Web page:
Logistics and supply chains are the backbones of economies, so how can regional players keep up with increasing consumer demand? Since the onset of the global Covid-19 pandemic, countries everywhere have been seeing a rising trend in digitalization efforts, most notably in e-commerce and the digital economy.
This is especially glaring in Southeast Asia, where the region’s digital economy’s GMV is expected to reach peaks of US$ 300 billion by 2025, according to the 2020 e-Conomy SEA report by Google, Temasek and Bain.
In fact, they just released a new report for June 2021, which found that over 40 million new users came online in 2020, a 40% increase from the previous year.
The growth of digitalized goods and services consumption
As digital consumption rose, 30% of digital service consumers started using such services during the pandemic, with 94% saying they would continue when the pandemic is ‘over’.
With the increase in digital consumption and e-commerce, traditional logistics players in these nations are also struggling to keep up. The same goes for players offering digital payments, said a CNBC report.
Like before, the supply chain and logistics industries have always been the key drivers of growth for economies, especially those in emerging markets. Whilst e-Commerce has always been a big thing in SEA, consumers are increasingly demanding speed and convenience, a challenge for many SEA nations.
According to a report by ISEAS, the “availability, reliability, and cost-effectiveness of transportation, distribution, financial intermediation, information, and communication technology (ICT) and other services” will be the key factors determining the competitiveness of each country.
Logistical inequalities and challenges
The report delved into key trends that drive logistics development in the region. These include economic growth; increasing urbanization; participation in international trade and investment; the rise of e-commerce platforms, and the emergence of economic regional groupings such as ASEAN, which facilitate and enhance trade.
Pain points in logistics differ for ASEAN countries – virtually all ASEAN countries do not have a shared definition of logistics. Worse still, there is little clarity on customs, laws, and governance policies for most of these countries, especially on cross-border trade.
Larger nations such as Indonesia, Vietnam, and the Philippines face tougher challenges to serve a large and widespread consumer base, as compared to smaller ones such as Singapore, Brunei, and Laos.
Complicating that are infrastructural inadequacies, especially in lesser-developed nations and archipelagos comprising thousands of islands, such as the Philippines and Indonesia.
For intermediately sized countries such as Malaysia and Thailand, they have found that seamless cross-border arrangements are favorable, such as the recent Malaysia-Thailand QR cross-border payment arrangement.
Indonesia’s logistics startups
Indonesia’s logistics market is highly fragmented and competitive, with a few large companies and thousands of SME logistics players driving up pricing wars.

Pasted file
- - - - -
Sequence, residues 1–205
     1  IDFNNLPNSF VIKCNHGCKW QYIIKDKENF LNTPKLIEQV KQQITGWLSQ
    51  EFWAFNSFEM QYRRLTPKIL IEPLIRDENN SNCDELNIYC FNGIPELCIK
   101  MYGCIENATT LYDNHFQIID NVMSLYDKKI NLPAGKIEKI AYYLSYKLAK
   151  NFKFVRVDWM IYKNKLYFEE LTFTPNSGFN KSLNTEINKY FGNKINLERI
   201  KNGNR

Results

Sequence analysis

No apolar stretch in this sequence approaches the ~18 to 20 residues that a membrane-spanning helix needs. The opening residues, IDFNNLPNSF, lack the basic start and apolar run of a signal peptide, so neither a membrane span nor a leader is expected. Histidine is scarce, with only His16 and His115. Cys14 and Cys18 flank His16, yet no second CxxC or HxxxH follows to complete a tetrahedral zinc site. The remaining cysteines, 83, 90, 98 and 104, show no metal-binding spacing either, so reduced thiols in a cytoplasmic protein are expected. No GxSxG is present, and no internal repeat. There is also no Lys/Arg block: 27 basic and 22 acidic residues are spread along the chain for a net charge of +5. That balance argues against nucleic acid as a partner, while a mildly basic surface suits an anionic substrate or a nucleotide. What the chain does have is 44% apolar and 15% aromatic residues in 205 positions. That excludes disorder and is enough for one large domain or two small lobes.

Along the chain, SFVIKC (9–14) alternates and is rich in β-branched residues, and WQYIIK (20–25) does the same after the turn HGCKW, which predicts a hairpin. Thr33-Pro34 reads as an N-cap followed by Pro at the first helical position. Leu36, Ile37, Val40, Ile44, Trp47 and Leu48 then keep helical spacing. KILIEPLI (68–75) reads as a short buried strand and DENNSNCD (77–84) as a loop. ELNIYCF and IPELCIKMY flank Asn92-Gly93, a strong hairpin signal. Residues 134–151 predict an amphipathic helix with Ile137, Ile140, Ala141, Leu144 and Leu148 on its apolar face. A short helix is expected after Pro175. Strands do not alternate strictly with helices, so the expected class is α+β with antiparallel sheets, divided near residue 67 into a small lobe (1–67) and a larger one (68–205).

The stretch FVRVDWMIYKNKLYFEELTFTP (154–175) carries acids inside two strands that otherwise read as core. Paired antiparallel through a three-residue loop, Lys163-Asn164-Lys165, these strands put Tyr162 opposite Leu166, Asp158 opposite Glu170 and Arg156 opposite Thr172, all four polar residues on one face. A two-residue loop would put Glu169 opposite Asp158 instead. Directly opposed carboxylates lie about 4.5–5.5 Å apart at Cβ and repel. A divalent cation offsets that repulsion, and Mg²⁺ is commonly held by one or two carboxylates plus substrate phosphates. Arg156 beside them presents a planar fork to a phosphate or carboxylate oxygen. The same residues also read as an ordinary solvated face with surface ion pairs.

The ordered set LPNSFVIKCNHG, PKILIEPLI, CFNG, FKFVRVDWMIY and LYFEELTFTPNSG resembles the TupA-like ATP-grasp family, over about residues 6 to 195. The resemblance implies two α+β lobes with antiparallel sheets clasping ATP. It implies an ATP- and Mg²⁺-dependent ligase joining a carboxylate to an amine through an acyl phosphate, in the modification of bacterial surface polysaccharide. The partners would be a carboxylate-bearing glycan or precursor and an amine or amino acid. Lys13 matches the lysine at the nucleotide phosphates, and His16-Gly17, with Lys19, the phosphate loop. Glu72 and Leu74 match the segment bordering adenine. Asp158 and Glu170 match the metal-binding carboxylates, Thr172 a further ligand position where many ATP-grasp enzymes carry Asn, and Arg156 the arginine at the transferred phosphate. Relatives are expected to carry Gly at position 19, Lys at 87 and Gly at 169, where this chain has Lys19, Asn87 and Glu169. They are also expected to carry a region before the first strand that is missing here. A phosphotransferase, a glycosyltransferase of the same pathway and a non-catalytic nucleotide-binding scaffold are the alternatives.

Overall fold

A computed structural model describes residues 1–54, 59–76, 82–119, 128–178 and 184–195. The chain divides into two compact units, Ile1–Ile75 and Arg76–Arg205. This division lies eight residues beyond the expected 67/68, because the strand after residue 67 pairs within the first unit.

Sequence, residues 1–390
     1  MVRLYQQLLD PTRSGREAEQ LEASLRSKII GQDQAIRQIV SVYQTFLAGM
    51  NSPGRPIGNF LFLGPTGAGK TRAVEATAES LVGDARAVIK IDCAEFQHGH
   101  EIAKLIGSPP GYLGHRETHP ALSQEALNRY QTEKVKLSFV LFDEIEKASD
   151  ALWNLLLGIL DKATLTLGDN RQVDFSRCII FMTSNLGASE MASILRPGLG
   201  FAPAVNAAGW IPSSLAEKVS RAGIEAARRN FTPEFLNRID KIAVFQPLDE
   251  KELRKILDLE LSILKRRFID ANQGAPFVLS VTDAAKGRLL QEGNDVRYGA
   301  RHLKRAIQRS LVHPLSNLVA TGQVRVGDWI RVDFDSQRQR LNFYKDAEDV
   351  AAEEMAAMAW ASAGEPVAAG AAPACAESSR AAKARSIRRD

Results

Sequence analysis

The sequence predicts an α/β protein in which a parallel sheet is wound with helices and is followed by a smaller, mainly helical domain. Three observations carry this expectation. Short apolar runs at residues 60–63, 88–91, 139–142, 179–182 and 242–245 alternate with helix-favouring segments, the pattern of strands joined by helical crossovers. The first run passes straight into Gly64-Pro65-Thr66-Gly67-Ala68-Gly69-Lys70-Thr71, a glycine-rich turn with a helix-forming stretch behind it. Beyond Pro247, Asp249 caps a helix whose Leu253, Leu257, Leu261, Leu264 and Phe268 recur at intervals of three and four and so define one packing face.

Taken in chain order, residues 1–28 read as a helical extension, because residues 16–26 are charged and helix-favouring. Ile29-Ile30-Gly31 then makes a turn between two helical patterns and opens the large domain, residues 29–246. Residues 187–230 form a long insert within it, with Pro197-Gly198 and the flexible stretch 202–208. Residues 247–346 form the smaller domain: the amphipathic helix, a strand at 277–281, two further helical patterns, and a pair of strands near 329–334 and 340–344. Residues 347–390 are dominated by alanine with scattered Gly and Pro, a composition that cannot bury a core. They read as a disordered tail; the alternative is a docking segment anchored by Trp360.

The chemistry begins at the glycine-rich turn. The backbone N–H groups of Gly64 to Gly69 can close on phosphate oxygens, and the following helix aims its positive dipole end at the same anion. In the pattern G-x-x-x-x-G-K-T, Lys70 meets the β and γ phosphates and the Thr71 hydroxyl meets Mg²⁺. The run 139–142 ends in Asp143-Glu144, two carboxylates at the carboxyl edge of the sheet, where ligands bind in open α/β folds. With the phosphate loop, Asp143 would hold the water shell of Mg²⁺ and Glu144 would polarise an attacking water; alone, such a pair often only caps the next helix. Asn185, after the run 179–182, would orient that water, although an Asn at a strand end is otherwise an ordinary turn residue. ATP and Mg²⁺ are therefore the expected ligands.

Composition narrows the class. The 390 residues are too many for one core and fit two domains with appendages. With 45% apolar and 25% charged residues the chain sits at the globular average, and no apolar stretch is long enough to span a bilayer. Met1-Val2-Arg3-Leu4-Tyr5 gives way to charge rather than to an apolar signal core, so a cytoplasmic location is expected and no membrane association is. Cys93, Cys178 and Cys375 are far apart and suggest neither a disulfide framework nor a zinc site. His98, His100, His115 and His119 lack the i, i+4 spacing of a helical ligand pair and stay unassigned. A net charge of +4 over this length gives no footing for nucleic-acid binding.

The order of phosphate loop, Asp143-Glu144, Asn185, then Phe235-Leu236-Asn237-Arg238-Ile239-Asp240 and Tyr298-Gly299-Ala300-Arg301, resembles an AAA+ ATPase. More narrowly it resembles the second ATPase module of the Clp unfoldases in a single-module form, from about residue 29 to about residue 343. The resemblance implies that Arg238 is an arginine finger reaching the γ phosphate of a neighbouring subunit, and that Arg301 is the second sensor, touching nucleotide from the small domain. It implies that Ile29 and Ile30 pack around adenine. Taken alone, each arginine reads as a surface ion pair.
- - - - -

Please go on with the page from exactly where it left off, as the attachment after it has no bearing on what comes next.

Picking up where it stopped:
Complicating this is the lack of technological utilization such as GPS and RFID, mostly due to a lack of technical infrastructure in underdeveloped areas (e.g. Kalimantan with limited electricity).
Since neither of these players can actually service the entire nation, multiple players exist to address different services across the supply chain, which effectively raises costs and complicates supply chain management for shippers.
Some startups are rising to the challenge by offering more robust, end-to-end supply chain solutions powered by technology. An example is Advotics, which offers SaaS (software as a service) for suppliers to monitor their entire supply and logistics chain. Another is Logisly, which aims to optimize truck usage by digitalizing the ordering, management, and tracking of trucks.
Logistics startups elsewhere in South-East Asia
Another startup, Locad, recently raised US$ 4.9 million in a seed round. The Singapore-based startup provides an end-to-end e-commerce fulfillment solution for cross-border trade.
Locad currently serves the Philippines, Hong Kong, Thailand, Singapore, and Australian markets. Its solution relies on a cloud software platform that serves as a “control tower,”, so users can receive real-time inventory and order updates across their network. In the future, Locad aims to add on data analytics to enhance its offerings.
Ninjavan is an up-and-coming potential unicorn from Singapore providing last-mile delivery services. So far, they have raised US$ 400 million, and have claimed to deliver over a million parcels across multiple countries. These include Singapore, Malaysia, the Philippines, Indonesia, Thailand, and Vietnam.
Ninjavan leverages social media to allow customers to track their packages in real-time over their preferred messenger, be it Facebook, WhatsApp, Telegram, or others. Ninja Van works closely with e-commerce giants such as Shopee, Lazada, and Tokopedia to directly serve the end-user market.
International logistics giants have also stepped foot in the region’s market, with the latest being UPS in Malaysia, which has previously established its hub in Singapore. The UPS-Parcel Hub partnership will enable local players to access a greater international market with its established global presence that’s underpinned by its technological service upgrades.